Lofton was one of the first emissaries and vice president of the Student Government Association. Curran became a mentor and friend. “I look up to him so very much in all phases of life,” says Lofton, who is now on the board of directors of the University of Dayton Alumni Association.
In 2014, Curran waded into a very different student gathering when a celebratory throng poured out of houses and residence halls to party in the street after Dayton defeated Syracuse to advance to the Sweet 16 in the NCAA men’s basketball tournament. For a few moments, students held Curran aloft as they chanted “Dr. Dan! Dr. Dan!
Dr. Dan!” The incident made the national news.
“A person asked me, ‘Weren’t you frightened to walk into a crowd of students?’” Curran says. “No, it was a natural thing to do. It’s just not the way I’ve ever felt about the students. They care about me, and I care about them.”
When he steps down at the end of the academic year, Curran plans to take a yearlong sabbatical, which will include resumption of his academic work in China. A long-distance bicyclist, he has already checked out the bike shops in Suzhou.
As president, he says he finds his greatest joy in seeing the success of students, faculty and staff. Now he is looking forward to
returning to the place where he began — the classroom.
It won’t be hard to find Professor Dan Curran at the University of Dayton. On game days, he’ll be in the stands, cheering for the Flyers. His contract as president included a clause guaranteeing him basketball tickets for life.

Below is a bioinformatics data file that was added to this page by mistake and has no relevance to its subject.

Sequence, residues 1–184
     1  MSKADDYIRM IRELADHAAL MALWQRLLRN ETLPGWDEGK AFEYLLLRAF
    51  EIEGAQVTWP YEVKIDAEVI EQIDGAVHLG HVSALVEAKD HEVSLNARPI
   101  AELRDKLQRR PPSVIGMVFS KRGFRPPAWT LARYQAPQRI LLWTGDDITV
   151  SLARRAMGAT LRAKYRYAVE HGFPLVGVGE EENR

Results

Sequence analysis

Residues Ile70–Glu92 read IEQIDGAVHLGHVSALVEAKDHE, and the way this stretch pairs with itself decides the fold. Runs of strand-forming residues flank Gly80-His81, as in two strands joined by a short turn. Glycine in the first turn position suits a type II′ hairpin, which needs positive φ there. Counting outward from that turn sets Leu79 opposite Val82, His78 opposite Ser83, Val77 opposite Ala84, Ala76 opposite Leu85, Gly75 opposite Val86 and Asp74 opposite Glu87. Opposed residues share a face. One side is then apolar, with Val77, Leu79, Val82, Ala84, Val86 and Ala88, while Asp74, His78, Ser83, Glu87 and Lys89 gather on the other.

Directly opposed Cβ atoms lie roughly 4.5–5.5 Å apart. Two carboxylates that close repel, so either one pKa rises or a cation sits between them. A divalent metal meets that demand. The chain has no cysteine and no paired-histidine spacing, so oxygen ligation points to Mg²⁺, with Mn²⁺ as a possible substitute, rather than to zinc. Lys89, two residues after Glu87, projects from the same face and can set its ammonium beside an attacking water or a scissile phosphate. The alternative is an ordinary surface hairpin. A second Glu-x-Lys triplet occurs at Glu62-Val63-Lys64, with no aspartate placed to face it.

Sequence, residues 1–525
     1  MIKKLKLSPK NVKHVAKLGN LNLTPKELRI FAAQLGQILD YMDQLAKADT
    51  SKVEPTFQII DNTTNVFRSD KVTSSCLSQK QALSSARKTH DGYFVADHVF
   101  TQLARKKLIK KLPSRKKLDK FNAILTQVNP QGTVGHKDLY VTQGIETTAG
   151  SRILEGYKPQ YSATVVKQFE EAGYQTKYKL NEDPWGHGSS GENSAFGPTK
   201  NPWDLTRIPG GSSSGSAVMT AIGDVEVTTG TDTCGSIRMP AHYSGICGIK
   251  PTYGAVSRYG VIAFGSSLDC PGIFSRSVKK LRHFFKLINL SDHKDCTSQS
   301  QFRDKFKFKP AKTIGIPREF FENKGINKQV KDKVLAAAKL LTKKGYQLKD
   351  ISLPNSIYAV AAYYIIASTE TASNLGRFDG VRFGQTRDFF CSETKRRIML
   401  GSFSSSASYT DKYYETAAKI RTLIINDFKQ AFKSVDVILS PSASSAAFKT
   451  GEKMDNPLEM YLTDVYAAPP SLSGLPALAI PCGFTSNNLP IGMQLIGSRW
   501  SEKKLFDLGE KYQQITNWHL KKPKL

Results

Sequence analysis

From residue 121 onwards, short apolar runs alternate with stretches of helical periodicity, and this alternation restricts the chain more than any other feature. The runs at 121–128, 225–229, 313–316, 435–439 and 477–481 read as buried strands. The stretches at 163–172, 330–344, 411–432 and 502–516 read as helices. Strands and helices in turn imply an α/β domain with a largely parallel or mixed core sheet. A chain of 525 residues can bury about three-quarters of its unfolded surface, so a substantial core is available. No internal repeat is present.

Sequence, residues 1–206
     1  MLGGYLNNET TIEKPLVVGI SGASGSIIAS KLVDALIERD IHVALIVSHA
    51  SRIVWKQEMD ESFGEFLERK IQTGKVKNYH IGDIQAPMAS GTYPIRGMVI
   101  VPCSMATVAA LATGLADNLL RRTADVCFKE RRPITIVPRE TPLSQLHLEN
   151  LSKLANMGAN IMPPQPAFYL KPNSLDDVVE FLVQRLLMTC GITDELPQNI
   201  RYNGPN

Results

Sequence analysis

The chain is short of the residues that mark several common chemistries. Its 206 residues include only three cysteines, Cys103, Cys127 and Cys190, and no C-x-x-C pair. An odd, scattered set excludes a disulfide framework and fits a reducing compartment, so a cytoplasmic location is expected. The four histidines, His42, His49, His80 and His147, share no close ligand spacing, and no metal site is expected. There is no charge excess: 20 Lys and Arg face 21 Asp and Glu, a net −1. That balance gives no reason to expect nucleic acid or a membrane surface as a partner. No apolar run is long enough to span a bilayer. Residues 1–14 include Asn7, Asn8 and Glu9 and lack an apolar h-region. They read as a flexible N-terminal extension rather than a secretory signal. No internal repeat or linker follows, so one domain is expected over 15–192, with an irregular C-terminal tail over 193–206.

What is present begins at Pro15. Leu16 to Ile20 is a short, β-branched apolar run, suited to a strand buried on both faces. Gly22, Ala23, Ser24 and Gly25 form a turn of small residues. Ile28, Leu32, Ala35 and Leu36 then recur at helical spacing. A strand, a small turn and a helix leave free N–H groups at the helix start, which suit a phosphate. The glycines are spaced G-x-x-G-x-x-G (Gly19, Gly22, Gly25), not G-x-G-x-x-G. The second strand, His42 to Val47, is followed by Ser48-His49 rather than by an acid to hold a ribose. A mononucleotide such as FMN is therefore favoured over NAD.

Otherwise, he’ll be doing what sociologists do: Studying concepts of social justice. Mentoring students. Building community. He’s ready for the next chapter. “Who knows what the future brings?” says Curran.
Michele Cohen Marill is a freelance writer based in Atlanta. As someone who grew up with the ideal of Southern hospitality, she was touched by the great Marianist spirit of caring and community at the University of Dayton.
Loved ones are praying for the recovery of Coral Flamand ’13 after a catastrophic car crash. Medical science says her rehabilitation is not possible, but her parents’ Catholic faith holds out the hope of a miracle, perhaps through the intercession of a saint. Father Chaminade, founder of the Society of Mary, could be that saint.
In 1980, some plucky U.S. college kids and amateur players won an Olympic ice hockey game against a team of experienced Soviet players. In the game’s closing seconds, ABC broadcaster Al Michaels delivered what’s still the most famous call of his career: “Do you believe in miracles?”
But “The Miracle on Ice” wasn’t a miracle. It was a hockey game.
Here’s what a miracle looks like: Thousands fed with five loaves and two fishes. An enemy’s approaching army blinded by a handful of dust. Lazarus resurrected.